Characters: Jack, Ianto.
Word Count: 1711
Summary: It was only meant to be a spot of Weevil hunting, a welcome break from boring paperwork, but Jack and Ianto aren’t prepared for what they find…
Written For: alafaye’s prompt ‘A typical Weevil hunt at midnight turns up something a whole lot worse’ at torchwood_fest.
Beta: twinsarein, who generously volunteered her time at very short notice.
Disclaimer: I don’t own Torchwood, or the characters.
“Ianto!” Jack called, as he strolled into the tourist office late one evening, the SUV’s keys dangling from one finger. “Nothing much going on right now; feel up to a spot of Weevil hunting?”
Ianto looked up from the magazine he had spread out on the counter in front of him. It was testimony to how bored he was that he was doing a quiz more suited to teenage girls. Still, it wouldn’t do for him to appear too eager; couldn’t let Jack get his own way all the time. That kind of thing went straight to his head, which was already big enough.
He arched one eyebrow. “I wasn’t aware that there’d been an alert.”
Jack shuffled his feet. “Well, no, there hasn’t been, but we haven’t cleared out the old church for a while and it’s not a good idea to let the Weevil congregation grow to unmanageable proportions.” He shrugged, trying to appear casual. “Besides, it’s a nice night and I’ve been cooped up in my office all day, all by myself, doing paperwork. I felt like a change of scene, and some company.”
“Did you finish it?”
“Well no, not quite,” Jack admitted, “but there’s only a handful of reports left to go over, I swear.” He put on his best puppy dog eyes. “I had to stop because I’m getting a headache; I could really do with some fresh air to blow the cobwebs away. So, how about it? I’ll make it worth your while…”
Ianto looked back at his magazine, cleverly disguised in a manila folder, and put on a show of reluctance, chewing on his bottom lip as he pretended to debate the relative merits of Weevil hunting over what he was currently doing. Finally, he sighed, scooping up the folder and closing it, before stowing it in his desk drawer and turning the key in the lock.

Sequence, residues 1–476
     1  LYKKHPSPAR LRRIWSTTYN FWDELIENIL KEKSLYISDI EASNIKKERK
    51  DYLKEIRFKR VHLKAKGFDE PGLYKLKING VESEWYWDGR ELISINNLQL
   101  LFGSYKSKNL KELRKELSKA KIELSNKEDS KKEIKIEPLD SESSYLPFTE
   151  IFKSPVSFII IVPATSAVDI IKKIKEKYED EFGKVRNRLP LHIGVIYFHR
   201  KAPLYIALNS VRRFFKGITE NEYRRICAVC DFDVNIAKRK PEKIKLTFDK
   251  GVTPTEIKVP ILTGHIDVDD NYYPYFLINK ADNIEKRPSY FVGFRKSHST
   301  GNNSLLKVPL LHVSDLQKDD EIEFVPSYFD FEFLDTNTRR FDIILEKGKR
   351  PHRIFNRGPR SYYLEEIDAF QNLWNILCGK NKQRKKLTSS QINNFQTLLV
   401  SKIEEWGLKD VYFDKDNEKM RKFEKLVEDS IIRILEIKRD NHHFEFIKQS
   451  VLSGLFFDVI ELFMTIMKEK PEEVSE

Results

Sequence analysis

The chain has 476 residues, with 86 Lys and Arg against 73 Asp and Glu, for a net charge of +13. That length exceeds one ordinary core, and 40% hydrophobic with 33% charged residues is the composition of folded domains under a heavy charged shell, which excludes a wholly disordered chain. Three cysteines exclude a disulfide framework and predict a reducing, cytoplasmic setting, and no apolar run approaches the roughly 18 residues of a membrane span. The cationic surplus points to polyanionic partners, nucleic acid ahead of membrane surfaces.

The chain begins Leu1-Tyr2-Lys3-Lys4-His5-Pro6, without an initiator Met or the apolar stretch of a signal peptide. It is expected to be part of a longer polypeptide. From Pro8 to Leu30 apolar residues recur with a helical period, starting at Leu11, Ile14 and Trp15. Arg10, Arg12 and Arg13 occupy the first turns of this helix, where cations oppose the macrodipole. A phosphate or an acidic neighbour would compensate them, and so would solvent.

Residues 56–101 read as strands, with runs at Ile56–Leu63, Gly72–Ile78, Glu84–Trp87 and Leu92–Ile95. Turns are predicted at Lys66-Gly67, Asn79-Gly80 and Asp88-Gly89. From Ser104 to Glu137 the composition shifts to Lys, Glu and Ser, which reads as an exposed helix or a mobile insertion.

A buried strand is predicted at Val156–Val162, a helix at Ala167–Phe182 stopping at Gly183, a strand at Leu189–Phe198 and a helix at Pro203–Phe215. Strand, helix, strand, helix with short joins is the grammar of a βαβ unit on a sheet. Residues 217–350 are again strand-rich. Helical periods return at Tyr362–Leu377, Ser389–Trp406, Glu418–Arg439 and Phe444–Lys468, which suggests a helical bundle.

“Well, alright; I suppose I can finish that tomorrow. One condition, though.”
“Name it.” Jack was eager enough at this point to agree to almost anything; he did love a good Weevil hunt, in the right company.
“I get to drive.” Folding his arms over his chest, Ianto all but dared his lover to make some kind of protest, but Jack knew by now not to push his luck.
He sighed. “You drive a hard bargain.” Nevertheless, he held out the keys, and Ianto took them with a smug smirk.
“Don’t be a sore loser, Jack. Look on the bright side; if I’m driving, you can stick your head out the passenger side window and really blow those cobwebs away!”
Jack perked up, a bright smile lighting his face. “That’s true! C’mon, let’s get going!” Grabbing Ianto by the hand, he practically dragged him into the secret passage leading to the lift that would take them down to the Hub. Barely five minutes later, with Ianto behind the wheel, the SUV was pulling out of Torchwood’s underground garage.
The drive to their destination, a derelict church on the far side of Splott that was a known hang-out for Weevils, took about twenty minutes. Jack could’ve got them there in less than half the time, and to be honest, so could Ianto in an emergency, but he wasn’t in the mood to rush, and it was best not to annoy the Cardiff constabulary for no good reason. Even though any fines for speeding could easily be overturned since the SUV was classed as an official emergency response vehicle, it saved a lot of hassle if they avoided getting them in the first place, whenever possible.
Jack spent the whole journey with his head out the window like a dog, laughing as the wind tossed his hair about, leaving it sticking up in all directions. He wound up looking like he had a deranged hedgehog on his head, but Ianto made a point of not mentioning it; Jack could be a bit vain at times, so letting him wander around looking like that, even though nobody was likely to see him, was revenge for all the times he’d made them late on their rare nights out by spending too long preening in front of the mirror.
The church, despite its state of disrepair, remained quite an imposing building, set back from the road on a patch of land that had once been a neat churchyard, but was now badly overgrown and frequently used as a dumping ground. It was blocky and rectangular, and had never been what you’d call pretty, even when it had first been built from rough-hewn local stone. More than two centuries of wear and tear at the whim of the Welsh weather, followed by its decades-long abandonment, had left it looking grim and rather eerie, looming out of the darkness in the paltry light provided by the moon and the few streetlamps in the area that were still working.